“Mob Rules.” Corvette joy ride. Need I say more?

“Babies and Bathwater.” Wilson quits, telling House that the only two things important to him: “my job and this crazy screwed up friendship,” weren’t valued enough by House to give Vogler’s speech. But fundamentally, Wilson understands (sort of). House’s nature (and native sense of justice) would let him do nothing else.

“Love Hurts.” As House readies for his dreaded date with Cameron, Wilson lies on his sofa giving advice. (Condoms pre-treated with antibiotics!) To me, that scene in House’s apartment really crystallizes their relationship. Wilson’s tomcat bravado; House’s nervous awkwardness. But Wilson’s assurance to House that the corsage (as sweetly silly a gesture as it is) would be appreciated by Cameron is a great moment. We also get “Wilson the protector” in this episode as he warns Cameron that “it’s been a long time since he’s opened up to anybody. If he gets hurt, there may not be another time.”

“Honeymoon.” House calls Wilson from his home-cooked dinner, disturbed by his feelings about Stacy’s husband Mark. A nice supportive moment.

Season Two:

“Accetpance.” “Bros before ‘hos’.” Wilson suggests that House trust Stacy, as he may need her (not to mention win her love). Wilson’s advice to House doesn’t turn out well, and Stacy fails the trust test. But lunch with “Coma Guy” was a nice moment.

“Need to Know.” Protective Wilson again appears, this time warning Stacy that she should not play with House’s emotions. He tells her that he was left to pick up the pieces after Stacy left, and to tread carefully. She chooses to believe Cuddy, who saw no evidence of a grieving and broken House (as if he’d willingly show that side to anyone!) But Wilson is correct, and in the end House shies away from putting himself through another emotional wringer, telling Stacy to go back to Mark. There’s another great scene in which House goes to Wilson for advice. Unfortunately, the final scene of the episode shows Wilson as completely misunderstanding his best friend, his motives, and feelings, accusing House of enjoying his misery.

“Distractions.” House and Wilson listening to “von Evil” lecture on migraines.

“Skin Deep.” In a great scene as House undergoes an MRI, Wilson tries to relax the worried and slightly freaked-out House: “House, this is God.” One of my favorite House-Wilson scenes. Ever.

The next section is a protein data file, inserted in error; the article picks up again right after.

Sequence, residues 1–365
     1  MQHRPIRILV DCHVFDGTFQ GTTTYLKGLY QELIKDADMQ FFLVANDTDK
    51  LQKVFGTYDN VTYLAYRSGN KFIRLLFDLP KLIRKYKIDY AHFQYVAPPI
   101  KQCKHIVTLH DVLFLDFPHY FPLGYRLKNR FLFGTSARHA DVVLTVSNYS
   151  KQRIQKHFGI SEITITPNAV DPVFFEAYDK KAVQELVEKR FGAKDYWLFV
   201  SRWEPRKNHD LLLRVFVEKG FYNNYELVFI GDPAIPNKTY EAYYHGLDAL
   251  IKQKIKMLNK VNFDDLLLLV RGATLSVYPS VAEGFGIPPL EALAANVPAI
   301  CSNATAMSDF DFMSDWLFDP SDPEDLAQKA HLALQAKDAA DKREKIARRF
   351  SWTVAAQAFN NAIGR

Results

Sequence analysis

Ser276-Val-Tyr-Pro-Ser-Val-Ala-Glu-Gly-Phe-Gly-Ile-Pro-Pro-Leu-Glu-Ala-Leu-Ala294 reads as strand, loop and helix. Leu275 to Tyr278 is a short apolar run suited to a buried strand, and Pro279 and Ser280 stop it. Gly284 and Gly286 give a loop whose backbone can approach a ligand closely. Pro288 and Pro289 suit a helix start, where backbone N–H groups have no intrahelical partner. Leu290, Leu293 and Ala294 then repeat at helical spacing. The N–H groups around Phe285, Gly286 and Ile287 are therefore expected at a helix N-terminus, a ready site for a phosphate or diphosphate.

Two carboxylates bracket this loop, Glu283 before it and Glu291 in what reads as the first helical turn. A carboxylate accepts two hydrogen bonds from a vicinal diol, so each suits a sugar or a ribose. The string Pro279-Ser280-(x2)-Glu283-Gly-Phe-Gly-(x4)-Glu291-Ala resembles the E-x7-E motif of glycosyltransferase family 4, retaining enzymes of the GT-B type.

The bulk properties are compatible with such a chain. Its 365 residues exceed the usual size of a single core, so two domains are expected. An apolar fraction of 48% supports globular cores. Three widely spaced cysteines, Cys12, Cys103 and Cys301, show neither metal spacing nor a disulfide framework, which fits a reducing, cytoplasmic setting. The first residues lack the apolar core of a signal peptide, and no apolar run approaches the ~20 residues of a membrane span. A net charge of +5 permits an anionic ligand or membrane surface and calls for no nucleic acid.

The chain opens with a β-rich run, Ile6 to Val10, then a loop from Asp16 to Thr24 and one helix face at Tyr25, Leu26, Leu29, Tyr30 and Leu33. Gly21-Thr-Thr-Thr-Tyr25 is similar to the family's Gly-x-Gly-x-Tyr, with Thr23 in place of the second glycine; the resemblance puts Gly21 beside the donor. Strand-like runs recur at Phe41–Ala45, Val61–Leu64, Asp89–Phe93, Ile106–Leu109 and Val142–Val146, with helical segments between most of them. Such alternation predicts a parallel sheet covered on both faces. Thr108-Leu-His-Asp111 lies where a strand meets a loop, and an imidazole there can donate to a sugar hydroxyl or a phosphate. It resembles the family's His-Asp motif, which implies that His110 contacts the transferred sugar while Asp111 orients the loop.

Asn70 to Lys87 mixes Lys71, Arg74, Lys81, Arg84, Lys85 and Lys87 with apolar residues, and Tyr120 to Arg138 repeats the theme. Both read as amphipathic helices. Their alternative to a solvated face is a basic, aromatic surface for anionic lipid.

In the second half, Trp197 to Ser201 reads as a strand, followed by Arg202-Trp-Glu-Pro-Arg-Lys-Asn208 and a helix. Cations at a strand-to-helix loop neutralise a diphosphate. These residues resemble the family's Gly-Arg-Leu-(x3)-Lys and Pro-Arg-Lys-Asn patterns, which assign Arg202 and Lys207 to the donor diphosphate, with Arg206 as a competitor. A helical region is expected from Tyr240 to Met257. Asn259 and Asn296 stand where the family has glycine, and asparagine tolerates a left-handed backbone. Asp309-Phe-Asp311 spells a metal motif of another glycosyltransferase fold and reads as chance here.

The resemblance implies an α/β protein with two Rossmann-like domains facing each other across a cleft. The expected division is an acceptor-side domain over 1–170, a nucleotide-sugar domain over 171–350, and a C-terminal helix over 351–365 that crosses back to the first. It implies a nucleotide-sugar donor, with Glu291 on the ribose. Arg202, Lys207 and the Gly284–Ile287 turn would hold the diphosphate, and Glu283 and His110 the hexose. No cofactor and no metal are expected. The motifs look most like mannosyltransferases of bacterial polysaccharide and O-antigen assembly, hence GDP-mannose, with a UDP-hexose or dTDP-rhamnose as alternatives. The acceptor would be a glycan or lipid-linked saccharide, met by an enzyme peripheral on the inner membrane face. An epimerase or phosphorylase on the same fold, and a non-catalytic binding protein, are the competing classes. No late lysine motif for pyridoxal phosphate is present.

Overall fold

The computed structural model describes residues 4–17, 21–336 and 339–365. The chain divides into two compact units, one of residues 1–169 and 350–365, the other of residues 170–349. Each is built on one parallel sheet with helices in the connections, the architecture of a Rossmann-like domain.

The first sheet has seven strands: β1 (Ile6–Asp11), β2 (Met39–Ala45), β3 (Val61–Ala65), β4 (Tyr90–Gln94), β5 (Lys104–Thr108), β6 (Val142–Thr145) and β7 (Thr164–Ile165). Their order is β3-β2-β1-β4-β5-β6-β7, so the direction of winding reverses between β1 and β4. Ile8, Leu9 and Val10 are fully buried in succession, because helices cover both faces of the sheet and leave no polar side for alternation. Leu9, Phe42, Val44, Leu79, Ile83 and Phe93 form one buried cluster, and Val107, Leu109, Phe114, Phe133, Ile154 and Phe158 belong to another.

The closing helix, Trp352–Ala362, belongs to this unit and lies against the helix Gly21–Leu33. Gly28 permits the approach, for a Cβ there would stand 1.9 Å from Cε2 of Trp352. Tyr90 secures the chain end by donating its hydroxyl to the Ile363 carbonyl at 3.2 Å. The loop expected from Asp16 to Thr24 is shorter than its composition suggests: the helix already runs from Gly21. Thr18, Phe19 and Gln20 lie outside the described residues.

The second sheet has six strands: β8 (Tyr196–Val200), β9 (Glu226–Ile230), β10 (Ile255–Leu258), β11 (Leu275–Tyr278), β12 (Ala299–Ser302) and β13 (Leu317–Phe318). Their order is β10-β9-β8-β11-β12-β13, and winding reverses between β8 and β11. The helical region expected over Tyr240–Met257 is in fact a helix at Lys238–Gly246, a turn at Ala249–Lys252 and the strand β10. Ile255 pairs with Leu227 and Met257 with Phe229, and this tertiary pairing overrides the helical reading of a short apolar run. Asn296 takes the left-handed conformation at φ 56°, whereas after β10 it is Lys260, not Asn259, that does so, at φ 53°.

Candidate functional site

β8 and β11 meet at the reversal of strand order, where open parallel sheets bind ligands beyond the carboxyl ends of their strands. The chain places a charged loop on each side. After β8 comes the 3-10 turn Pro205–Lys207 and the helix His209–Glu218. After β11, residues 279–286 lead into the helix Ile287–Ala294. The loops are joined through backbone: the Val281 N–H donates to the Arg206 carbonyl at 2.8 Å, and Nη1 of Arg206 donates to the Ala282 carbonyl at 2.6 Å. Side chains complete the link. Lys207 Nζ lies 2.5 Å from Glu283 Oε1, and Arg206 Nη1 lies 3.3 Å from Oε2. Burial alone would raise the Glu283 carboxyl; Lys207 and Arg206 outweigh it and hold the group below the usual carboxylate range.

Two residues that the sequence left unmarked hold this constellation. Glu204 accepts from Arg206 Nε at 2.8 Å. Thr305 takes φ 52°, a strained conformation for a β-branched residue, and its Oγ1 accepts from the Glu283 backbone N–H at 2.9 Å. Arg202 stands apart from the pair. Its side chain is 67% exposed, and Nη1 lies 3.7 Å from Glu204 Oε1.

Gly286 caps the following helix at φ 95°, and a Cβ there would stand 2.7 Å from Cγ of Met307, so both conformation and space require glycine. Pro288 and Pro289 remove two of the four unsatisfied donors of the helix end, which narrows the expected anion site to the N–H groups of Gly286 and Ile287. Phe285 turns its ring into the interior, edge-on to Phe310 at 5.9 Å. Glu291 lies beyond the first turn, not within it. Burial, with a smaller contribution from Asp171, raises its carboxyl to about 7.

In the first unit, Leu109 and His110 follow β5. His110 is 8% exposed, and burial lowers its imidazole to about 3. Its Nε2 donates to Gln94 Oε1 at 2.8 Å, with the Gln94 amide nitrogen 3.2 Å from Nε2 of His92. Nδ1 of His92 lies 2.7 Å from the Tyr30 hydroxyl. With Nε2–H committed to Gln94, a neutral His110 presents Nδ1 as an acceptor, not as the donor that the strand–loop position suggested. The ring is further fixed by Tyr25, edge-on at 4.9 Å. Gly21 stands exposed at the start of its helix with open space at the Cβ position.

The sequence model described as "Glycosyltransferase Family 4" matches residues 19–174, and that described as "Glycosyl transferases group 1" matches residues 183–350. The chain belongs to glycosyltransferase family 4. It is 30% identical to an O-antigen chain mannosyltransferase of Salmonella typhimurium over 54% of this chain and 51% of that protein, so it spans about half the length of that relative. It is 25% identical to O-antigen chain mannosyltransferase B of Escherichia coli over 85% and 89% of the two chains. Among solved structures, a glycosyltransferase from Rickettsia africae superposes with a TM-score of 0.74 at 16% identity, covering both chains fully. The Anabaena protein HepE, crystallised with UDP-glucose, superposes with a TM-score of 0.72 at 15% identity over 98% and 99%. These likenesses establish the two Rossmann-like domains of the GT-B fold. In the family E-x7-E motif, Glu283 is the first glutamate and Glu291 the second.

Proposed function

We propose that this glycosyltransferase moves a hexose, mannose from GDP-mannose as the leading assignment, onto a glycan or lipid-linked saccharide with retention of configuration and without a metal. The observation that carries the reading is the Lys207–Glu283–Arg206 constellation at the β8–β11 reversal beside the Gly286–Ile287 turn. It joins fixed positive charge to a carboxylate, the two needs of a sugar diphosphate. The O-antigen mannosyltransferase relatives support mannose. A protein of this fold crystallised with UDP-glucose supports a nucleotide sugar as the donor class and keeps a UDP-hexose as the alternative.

“Sex Kills” through “Sleeping Dogs Lie” Of course in season two, we got to see House and Wilson actually living together during this story arc. These episodes are filled with enough bromance to fill an entire column.

I loved the series of pranks (with a purpose) House plays on Wilson in “Safe.” The point of the pranks was to both have fun—and to wake Wilson from his passive-agressiveness with regard to his marriage. Wilson finally does react, pushing back (some would argue rather cruelly and dangerously by breaking House’s cane—but House certainly appreciated it.

“House vs God.” The poker game. With the tables turned, House has the opportunity to lecture Wilson about his own reckless behavior. It almost turns very nasty, until the hospital calls; suddenly all rancor falls away as they, together, turn their attention on the patient.

“All In.” Every scene between them crackled; whether on the phone or playing poker. Or discussing Moby Dick.

Season Three:

As much as season two served to promote House and Wilson’s mutual affection, season three’s events seemed to destroy it. With House’s self-esteem so wrapped up in his diagnostic ability (which was at risk by undergoing the Ketamine treatment), Wilson’s betrayal in “Meaning” seems all the more tragic. House’s stealing of Wilson’s prescription pads intensified their rift, which wasn’t resolved until the second half of the season. The “bromance” was definitely on hold throughout much of the year.

“Son of Coma Guy.” Although the relationship between House and Wilson was pretty frosty in this episode, their abiding friendship shines through when House decides to assist Gabe Wozniak’s suicide. Without his asking, Wilson provides House a cover story and then silently sits vigil with House in the hallway awaiting Gabe’s suicide.

“Top Secret.” Conversation about the Village People in the bathroom. Too funny. Although I thought that Wilson was pretty unsympathetic to House, who was in supreme agony throughout the episode.

“Insensitive.” House and Wilson’s heart to heart chat after Wilson discovers that House has been researching the patient’s disease for his own purposes was a high point in season three. Wilson is best (and most effective) when he confronts House privately and appeals to his better nature, than when he’s lecturing him. And House’s admission that he’d rather live a shorter, but normal, life than a long life in pain was a very moving reveal to Wilson.